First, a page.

Scholar Says to Remember All of King's Legacy

by Howard W. Hewitt

January 18, 2005

The nation pauses the third Monday of each January to celebrate the nation’s most prophetic civil rights leader and activist. But do we celebrate only a part of Dr. Martin Luther King's legacy?

"God is not a Christian or a Muslim. God is not a Democrat or a Republican," said Dr. Lewis Baldwin, a King scholar who participated in the civil rights movement of the 1960s in his home state of Alabama. "There is nothing wrong with remembering and celebrating a dreamer, but what are we going to do to realize the dream?"

Dr. Baldwin, a religion professor at Vanderbilt University, spoke Jan. 17 to Wabash students, faculty and staff in Salter Hall.

Throughout the course of his 30-minute presentation Baldwin said America tends to celebrate the King they remember from the "I Have a Dream" speech of 1963 and not the King who spent most of his time before being assassinated in 1968 discussing social and economic injustices. Baldwin emphasized that King came to understand those social and economic injustices affected blacks, whites, and Latinos.

"I think people are more fearful of that King because the people in power, that control the media, etc., want us to remember the King that talked about holding hands and rubbing shoulders and elbows," Baldwin said during a post-lecture reception. "But what about the King who called upon the rich and powerful and those who own the media, those who control politics, the purse strings of the economy … what about calling upon them to give up some of what they have?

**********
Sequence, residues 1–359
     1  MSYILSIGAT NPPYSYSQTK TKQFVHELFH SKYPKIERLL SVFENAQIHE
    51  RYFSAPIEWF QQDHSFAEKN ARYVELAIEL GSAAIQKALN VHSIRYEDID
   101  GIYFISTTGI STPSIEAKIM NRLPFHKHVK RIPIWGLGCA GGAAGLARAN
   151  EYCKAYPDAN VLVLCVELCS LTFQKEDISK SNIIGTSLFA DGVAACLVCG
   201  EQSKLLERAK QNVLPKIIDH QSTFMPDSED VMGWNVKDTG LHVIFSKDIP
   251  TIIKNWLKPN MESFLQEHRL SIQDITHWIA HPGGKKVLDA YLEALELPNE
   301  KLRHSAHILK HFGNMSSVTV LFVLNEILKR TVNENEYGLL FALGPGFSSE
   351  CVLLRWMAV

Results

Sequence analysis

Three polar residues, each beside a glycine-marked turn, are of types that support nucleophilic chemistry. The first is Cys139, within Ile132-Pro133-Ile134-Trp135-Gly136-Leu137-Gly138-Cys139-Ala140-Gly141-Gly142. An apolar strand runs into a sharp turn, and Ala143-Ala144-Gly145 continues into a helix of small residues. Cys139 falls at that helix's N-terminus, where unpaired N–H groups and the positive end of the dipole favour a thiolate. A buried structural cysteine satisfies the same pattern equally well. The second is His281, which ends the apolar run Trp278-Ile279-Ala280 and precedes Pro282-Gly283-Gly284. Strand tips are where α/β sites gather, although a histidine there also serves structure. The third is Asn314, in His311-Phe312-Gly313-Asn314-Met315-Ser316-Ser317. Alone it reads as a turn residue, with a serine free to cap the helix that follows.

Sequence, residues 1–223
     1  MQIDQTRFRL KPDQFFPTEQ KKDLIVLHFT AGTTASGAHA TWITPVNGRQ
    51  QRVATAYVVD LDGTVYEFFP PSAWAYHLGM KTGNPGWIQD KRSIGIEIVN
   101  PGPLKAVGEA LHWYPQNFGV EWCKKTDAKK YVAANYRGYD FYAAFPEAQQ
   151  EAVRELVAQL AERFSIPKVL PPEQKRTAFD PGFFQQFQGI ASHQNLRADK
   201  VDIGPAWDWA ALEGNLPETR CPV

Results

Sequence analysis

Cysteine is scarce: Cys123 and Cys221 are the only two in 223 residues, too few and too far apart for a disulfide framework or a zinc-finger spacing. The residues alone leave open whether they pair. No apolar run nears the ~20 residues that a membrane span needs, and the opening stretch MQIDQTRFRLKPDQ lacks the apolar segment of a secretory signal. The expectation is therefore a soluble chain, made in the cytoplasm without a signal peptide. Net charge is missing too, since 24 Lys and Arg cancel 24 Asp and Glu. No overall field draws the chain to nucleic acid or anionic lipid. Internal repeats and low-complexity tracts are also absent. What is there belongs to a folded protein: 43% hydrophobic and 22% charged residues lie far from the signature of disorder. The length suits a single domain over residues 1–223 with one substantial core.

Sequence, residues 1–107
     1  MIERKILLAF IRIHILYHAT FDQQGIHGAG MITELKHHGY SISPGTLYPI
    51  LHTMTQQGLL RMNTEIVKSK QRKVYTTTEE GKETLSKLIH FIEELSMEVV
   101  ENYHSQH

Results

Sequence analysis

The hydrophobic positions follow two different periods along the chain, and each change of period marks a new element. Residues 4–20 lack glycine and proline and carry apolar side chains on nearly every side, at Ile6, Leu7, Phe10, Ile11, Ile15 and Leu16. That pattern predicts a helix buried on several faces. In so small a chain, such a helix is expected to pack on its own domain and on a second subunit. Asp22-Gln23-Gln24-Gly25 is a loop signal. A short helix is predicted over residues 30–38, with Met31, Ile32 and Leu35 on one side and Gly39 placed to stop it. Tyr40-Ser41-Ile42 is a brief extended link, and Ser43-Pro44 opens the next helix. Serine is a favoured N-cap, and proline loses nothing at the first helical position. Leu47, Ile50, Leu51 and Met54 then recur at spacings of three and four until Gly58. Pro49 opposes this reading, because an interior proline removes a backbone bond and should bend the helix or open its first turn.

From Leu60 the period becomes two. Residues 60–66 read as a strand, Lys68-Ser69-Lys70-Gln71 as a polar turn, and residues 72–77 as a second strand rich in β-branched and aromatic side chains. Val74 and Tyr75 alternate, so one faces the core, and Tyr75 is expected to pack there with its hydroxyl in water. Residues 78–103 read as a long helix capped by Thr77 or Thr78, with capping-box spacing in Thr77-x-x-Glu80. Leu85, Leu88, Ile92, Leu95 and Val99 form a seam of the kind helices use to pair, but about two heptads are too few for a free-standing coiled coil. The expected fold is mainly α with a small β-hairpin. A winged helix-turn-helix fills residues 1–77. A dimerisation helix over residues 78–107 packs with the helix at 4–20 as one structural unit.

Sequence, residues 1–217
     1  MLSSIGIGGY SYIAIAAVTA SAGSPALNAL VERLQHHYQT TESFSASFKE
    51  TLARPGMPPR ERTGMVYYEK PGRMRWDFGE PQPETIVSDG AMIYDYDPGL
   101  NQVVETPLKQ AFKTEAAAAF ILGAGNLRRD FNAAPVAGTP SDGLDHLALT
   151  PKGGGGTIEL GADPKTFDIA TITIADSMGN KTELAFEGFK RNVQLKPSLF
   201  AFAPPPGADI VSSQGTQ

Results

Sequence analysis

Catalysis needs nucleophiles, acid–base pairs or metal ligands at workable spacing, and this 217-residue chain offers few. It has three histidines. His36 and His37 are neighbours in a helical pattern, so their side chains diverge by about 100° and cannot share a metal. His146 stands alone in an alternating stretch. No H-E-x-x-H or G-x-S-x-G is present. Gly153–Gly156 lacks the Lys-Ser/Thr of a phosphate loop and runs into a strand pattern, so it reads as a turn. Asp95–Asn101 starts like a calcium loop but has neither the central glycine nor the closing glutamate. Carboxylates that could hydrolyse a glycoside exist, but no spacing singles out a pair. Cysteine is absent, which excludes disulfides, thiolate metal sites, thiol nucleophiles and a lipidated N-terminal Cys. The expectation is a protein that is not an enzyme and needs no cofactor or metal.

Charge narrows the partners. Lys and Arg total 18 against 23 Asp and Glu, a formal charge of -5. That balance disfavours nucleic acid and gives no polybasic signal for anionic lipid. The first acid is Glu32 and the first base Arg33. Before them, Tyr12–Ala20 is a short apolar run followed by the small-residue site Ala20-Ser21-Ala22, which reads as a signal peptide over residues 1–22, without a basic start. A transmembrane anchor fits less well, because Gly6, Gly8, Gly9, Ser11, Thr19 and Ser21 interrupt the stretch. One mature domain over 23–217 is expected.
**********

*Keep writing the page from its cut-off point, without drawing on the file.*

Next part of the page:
"I don’t think they want us to see that King. They don’t want us to see the King who was addressing foreign policy issues. They realize that kind of King is much more threatening to the status quo."

Baldwin’s lecture and two-day campus visit was sponsored by the Wabash Religion and Speech Departments, the Multi-Cultural Concerns Committee, the Hadley Fund, and the Malcolm X Institute of Black Studies.

"What I liked is hearing Dr. Baldwin say is that you have to take King as a whole," said Malcolm X chairman Robert Alexander’05. "We seem to focus on one part or another but people change, people progress, and they evolve. Baldwin really illustrated how the King message has evolved. He brought an awareness to us how King pushed and that we have to have leadership that’s willing to fight to the death, that’s still needed."

Alexander and other students questioned Dr. Baldwin for another 30 minutes following his lecture. A common theme in the questioning was the scholar’s advice to young people who want to make a difference. It’s a question that makes Baldwin uncomfortable.

"I was in college and high school during the civil rights movement," Baldwin explained. "And what happened with us just happened. We didn’t have a lot of time to do a lot of thinking about what to do. The issues were there and we just responded.

"When it comes to changing the structures of injustice, I think you have to take other approaches. We did it through sit-ins, freedom rides, protests, demonstrations, and acts of civil disobedience. But now a lot of scholars are saying ‘no, you can’t use the methods of the 60s to address contemporary problems because you’re talking about economic justice and international peace. That just won’t work.’"

During his presentation Baldwin said much of the 60’s protest was to remove racial barriers, taking down the signs segregating "colored people" from whites. The issues were clearly defined, like the integration of schools. Today’s problems are obviously more complicated.

"You must be aware and must be willing to devote your time, energy and resources – even at the risk of life and limb – to pursue whatever ideal you have in mind. This is what Dr. King taught us, even the risk of life to achieve the beloved community ideal."

In photo at top: Alexander listens while Baldwin responds to question. At lower right, Baldwin signs a copy of his book on Dr. Martin Luther King for student Aaron Miller '06.

 


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